Aircraft leasing business Propius handed back three aircraft in the period, leaving one aircraft still to return, along with the overhaul of one landing gear set still outstanding. Esken said the maintenance reserve provision remains sufficient to settle all outstanding obligations and will be fully utilised in the second half of the year.
The group also disposed of its investment in Mersey Bioenergy for £9m, generating a profit on disposal of £1.7m.
Esken’s cash at the period end was £26.9m (Feb 2023: £50.3m), which includes £3m (Feb 2023: £5.3m) of ring-fenced cash in LSA and £6.9m in Renewables, presented as held for sale.
Executive chairman, David Shearer, said following the disposal of the Renewables division the main operating business will be the Aviation division, primarily London Southend Airport (LSA).
He said: “The airport has benefited during the summer season from the industry’s strong passenger demand, which has seen the other London airports return to pre-pandemic passenger levels with the associated capacity constraints.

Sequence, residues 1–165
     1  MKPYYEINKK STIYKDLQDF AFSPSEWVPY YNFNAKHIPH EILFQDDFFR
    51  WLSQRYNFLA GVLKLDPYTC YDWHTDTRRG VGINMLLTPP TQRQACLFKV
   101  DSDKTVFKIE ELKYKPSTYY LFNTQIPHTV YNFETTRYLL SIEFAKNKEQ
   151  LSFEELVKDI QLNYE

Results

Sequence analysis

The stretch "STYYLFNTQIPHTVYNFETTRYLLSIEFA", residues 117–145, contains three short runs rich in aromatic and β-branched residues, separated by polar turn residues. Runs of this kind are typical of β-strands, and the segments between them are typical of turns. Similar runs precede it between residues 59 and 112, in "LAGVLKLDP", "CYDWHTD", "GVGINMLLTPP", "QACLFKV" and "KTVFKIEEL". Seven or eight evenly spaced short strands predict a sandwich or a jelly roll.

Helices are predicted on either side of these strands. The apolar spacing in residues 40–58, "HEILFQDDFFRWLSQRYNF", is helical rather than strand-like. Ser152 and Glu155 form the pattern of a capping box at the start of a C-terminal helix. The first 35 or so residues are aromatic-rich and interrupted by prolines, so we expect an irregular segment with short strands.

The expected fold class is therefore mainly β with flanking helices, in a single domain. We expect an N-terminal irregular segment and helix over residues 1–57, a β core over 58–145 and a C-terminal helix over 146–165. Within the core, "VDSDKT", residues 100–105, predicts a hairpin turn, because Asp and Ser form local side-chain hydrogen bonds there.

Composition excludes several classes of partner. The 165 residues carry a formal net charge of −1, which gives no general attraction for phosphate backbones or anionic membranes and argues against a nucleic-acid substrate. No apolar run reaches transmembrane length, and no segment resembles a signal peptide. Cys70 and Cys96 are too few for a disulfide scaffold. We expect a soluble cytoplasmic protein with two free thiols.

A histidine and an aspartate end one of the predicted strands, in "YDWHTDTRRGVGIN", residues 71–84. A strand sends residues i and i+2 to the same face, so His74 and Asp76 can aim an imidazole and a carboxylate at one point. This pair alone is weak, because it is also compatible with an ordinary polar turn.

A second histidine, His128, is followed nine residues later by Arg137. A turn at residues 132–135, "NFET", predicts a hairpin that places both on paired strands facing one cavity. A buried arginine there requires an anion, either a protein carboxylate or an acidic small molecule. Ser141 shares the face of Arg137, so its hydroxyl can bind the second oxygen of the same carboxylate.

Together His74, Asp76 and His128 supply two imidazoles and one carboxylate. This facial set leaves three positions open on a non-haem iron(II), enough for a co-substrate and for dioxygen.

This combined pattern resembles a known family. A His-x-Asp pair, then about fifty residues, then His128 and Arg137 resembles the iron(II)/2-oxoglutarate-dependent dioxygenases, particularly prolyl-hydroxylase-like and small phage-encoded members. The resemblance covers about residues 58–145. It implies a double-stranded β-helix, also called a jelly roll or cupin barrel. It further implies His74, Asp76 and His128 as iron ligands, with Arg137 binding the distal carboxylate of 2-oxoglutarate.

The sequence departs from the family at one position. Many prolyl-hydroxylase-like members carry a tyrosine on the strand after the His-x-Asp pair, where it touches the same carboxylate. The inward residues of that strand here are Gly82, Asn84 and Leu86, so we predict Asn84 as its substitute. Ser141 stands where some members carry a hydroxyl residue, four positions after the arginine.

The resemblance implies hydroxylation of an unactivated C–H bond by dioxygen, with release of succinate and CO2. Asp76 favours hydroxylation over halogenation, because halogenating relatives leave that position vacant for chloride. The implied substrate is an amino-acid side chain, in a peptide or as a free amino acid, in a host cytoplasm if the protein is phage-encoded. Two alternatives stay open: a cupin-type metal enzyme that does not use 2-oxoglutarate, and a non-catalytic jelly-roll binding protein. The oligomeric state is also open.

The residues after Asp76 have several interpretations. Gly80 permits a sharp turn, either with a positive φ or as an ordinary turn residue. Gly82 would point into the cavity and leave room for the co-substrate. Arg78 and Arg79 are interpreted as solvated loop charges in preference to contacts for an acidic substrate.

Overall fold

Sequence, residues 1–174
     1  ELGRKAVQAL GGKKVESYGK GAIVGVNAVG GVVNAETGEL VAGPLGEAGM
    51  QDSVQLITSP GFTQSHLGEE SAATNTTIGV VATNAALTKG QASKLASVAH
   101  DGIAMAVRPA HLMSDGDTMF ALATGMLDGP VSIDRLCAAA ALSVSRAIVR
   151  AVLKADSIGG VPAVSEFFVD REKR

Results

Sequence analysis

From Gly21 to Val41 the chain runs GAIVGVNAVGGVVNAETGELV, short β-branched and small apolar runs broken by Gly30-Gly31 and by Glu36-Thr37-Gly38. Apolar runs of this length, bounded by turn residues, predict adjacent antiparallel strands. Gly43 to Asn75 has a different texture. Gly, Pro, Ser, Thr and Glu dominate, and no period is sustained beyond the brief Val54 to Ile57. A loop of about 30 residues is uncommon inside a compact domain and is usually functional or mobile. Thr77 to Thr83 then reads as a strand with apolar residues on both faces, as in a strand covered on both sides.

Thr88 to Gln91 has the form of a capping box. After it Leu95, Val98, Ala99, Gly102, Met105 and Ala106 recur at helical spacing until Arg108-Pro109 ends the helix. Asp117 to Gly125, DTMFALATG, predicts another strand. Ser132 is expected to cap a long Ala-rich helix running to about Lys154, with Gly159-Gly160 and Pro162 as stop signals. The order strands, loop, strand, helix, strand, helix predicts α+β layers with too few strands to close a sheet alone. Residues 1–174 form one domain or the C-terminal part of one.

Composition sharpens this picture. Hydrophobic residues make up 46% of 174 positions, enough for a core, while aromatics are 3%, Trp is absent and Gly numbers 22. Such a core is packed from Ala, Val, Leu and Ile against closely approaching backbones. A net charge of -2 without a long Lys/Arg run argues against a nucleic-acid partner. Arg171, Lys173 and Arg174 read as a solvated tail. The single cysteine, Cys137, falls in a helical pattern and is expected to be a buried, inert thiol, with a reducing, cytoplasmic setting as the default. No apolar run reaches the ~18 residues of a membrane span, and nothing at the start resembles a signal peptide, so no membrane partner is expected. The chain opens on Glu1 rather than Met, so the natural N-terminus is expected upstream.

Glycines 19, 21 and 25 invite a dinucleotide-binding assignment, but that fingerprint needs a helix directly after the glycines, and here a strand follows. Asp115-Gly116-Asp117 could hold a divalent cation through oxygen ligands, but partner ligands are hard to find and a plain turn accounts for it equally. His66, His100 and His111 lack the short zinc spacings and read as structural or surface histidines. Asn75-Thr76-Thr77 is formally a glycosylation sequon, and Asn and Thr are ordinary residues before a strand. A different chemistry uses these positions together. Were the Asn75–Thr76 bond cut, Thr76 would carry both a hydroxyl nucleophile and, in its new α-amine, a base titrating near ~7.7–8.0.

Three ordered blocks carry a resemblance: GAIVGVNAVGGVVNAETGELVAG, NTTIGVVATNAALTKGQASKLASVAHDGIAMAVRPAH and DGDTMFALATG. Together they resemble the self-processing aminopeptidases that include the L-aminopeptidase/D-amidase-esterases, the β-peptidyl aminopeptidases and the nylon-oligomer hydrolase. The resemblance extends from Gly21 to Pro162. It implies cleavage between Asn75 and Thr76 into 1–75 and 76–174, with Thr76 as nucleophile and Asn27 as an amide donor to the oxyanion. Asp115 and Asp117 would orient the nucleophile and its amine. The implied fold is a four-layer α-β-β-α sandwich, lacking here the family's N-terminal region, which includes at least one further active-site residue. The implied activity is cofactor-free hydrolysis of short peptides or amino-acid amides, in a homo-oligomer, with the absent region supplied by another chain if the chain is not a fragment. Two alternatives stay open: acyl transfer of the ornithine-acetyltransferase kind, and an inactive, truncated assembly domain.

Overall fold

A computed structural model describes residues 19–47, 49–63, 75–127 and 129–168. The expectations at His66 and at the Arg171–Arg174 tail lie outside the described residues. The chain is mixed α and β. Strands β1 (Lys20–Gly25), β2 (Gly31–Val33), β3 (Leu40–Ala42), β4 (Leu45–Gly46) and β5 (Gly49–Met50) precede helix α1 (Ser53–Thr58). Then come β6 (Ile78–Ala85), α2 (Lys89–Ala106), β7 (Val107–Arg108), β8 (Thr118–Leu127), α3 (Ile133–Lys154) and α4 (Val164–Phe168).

“The partnership with easyJet has seen the schedule grow from three to eight destinations, with increasing frequency and strong load factors being experienced, resulting in a 17.8% increase in passengers on the same period last year. This has encouraged easyJet to add additional routes with Alicante, Amsterdam, Geneva, Paris and most recently Grenoble to operate through the winter this year.
“Against this positive backdrop, discussions continue on an expanded summer schedule for 2024 with a number of airlines who recognise the growing capacity constraints at other London airports and the strong offering from LSA in terms of operating cost and passenger experience.”
He added: “The board believes it now has a base from which to progress the process to seek a new owner for LSA, with a view to crystallising shareholder value through securing the right long term partner, who both recognises the inherent strategic opportunity and is best placed to support future growth.